10. The First World Am Is A Hit!
After sketching out the idea for a world amateur golf tournament on a cocktail napkin, founders Marvin Arnsdorff and Myrtle Beach golf magazine owner Paul Himmelsbach were thrilled when the first World Am in 1984 attracted 684 players. That year, the tournament founders, their wives and friends were at the 19th hole mixing drinks, grilling burgers, and serving the baked beans and ribs catered by a local BBQ place.
9. The First Sudden Death Finish
Drama was in the air during the championship round of the 1990 World Am. Larry Wireman, a 7-handicapper from Dexter, Mich. faced off against Danny Southern of Thomasville, N.C. in the tournament’s first sudden death battle. After two holes, Wireman defeated Southern by carding a net par and taking the championship.
8. Female Golfers Take Home The Trophies
In 1997, Rhonda Oeters of Greenville, S.C. became the first woman to win the World Am. Ten years later, three women won back-to-back: June Wang of Huntersville, N.C. (2007); Paula Morton of Greenbrier, Tenn. (2008), who chipped in on the final hole of the championship round to take the title; and Linda Fuller of Richmond, Texas (2009).
7. DuPont Becomes The World Am Title Sponsor
During a 1985 round of golf with a mutual friend, two strangers — DuPont’s Bob LeComte and Golf Digest’s Dick Sherwood — started a conversation that changed World Am history. At that time, DuPont produced the Dacron in golf shirts and Surlyn for golf balls. LeComte convinced top executives to make DuPont the event’s title sponsor. That relationship lasted 19 years and helped attract players worldwide.
6. Golf.com Sponsorship Takes World Am to New Heights
When Sports Illustrated Golf Group became the tournament’s title sponsor in 2011, it brought in nationally-acclaimed writers to cover the golf event, as well as big name TV celebrities to make public appearances. For Myrtle Beach, the town where Sports Illustrated magazine was born, it was particularly sweet to be affiliated with Sports Illustrated Golf Properties.
5. A Special Golf Competition Within The Main Event Is Born
Mark Lemke, of Sheldon, Iowa, played in the World Am for more than a dozen years. His son, Cory, played and won his flight at age 15 in 2002. When Cory lost his life in a motorcycle accident at age 19, Mark looked for a special way to honor Cory. He and tournament officials created The Cory Lemke Parent-Child Tournament in 2007. Entry into the 72-hole tournament within the tournament is free for any parent/child relations playing in the World Am.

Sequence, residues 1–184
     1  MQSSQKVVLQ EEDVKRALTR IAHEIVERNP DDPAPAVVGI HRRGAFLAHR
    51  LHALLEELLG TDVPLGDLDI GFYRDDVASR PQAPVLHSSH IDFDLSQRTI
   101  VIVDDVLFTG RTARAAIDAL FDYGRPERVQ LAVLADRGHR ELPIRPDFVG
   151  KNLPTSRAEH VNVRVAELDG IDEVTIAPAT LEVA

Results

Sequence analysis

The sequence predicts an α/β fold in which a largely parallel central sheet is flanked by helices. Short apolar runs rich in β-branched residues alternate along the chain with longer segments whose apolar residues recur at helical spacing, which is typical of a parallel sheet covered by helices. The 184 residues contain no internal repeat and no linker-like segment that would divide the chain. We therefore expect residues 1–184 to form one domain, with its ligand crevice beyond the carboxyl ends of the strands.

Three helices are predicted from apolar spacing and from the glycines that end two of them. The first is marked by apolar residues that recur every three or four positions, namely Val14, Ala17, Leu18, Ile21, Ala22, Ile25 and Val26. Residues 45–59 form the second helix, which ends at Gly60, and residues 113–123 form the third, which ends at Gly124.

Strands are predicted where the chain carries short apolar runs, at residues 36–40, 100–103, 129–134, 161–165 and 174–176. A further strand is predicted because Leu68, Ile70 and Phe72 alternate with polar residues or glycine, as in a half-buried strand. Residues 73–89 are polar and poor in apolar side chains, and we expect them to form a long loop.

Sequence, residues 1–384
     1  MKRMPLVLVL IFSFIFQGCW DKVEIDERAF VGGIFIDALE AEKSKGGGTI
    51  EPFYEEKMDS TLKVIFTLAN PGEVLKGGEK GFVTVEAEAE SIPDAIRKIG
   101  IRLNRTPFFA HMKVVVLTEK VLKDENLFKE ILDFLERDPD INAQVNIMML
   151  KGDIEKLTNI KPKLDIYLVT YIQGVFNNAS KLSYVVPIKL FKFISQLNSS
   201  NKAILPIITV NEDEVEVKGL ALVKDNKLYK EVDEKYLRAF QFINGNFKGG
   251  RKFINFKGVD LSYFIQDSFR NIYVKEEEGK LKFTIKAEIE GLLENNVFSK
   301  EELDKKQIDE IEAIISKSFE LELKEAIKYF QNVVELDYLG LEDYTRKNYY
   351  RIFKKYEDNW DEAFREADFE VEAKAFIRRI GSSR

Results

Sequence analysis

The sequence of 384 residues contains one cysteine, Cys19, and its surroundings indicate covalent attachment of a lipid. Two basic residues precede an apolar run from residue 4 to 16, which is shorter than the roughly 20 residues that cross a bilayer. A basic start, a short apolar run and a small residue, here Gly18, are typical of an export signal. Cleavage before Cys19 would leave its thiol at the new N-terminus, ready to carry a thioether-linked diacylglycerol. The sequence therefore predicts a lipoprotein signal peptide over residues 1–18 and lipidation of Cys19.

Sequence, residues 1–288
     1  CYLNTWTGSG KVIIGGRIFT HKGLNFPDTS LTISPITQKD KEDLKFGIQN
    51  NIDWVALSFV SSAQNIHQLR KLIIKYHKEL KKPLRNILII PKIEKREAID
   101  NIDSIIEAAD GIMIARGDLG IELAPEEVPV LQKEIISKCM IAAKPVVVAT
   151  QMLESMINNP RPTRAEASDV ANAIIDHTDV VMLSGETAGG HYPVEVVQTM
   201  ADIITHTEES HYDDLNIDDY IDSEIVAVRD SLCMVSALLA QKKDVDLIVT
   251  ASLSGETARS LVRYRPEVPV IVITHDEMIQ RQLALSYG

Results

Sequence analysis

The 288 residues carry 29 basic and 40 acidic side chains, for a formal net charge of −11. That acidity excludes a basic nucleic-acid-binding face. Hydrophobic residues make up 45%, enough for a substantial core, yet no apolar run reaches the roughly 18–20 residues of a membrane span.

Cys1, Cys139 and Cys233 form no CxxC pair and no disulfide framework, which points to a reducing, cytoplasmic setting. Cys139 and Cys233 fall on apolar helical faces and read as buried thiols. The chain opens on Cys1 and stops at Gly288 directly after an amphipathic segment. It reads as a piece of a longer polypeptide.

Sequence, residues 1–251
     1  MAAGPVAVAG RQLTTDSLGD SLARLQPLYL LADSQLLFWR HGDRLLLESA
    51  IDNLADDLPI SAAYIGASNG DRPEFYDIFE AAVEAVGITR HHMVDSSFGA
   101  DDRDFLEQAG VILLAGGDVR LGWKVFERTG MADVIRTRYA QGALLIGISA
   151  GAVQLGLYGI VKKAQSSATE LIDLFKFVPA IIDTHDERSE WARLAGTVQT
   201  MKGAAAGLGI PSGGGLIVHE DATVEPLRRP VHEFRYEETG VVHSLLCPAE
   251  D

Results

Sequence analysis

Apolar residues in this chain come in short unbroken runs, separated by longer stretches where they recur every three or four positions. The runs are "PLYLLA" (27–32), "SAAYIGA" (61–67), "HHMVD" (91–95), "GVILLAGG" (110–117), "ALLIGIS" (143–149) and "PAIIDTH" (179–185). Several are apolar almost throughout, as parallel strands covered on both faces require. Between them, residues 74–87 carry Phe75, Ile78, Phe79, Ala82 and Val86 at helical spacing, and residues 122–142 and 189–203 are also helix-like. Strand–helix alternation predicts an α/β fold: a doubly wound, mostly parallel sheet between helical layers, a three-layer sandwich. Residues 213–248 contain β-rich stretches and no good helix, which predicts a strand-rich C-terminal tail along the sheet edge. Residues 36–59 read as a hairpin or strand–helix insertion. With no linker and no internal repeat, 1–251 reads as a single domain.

4. Winning This Golf Event Sometimes Takes More Than Game
Jim Low, a retired U.S. Army officer, fought his way into the 1993 championship round. But that wasn’t the toughest battle Jim was fighting that week. Diagnosed with cancer and enduring pain that at times made swinging his club nearly unbearable, Jim self-medicated with Budweiser. The King of Beers settled his nerves, eased some of his pain, and helped the Altamonte Springs, Fla, golfer win the World Amateur Golf Championship.
3. World Am Crowns Its First Back-To-Back Winner
When Bobby Perkinson, a 3.5 handicap from Alcoa, Tenn., captured his second championship in 2011, he did more than successfully defend a title he had earned the year before. The 75-year-old entered the record books as the first player in the tournament’s 28-year history to be crowned champion two years in a row.
2. The World Am Steps Up To Help Storm Victims
As the World Am was being played in 2005, one of the five deadliest hurricanes in the history of the United States was lashing the Gulf Coast and flooding New Orleans. In the span of just a few days, Hurricane Katrina destroyed property and took lives across Alabama, Mississippi, Louisiana and Florida. Tournament players from all over the world sprang into action. In one night alone, they raised thousands of dollars for victims of the storm. Some players also gave cash and other assistance directly to their fellow players from storm-ravished areas.
1. The World Am Family Rallies Round Its Own
John Grazioso made a lot of friends during 13 consecutive years of playing in the tournament. When 9/11 rocked the nation and it was discovered that John was among its victims, event participants reached out to his family. The family was so touched by the outpouring of support that they reserved a booth at the 2002 Expo. It was a central meeting place for John’s family to greet and thank his World Am family as, together, they celebrated good times at the tournament he loved. The spirit of the World Am was never stronger than on that night when John’s family and hundreds of golfers connected and remembered John.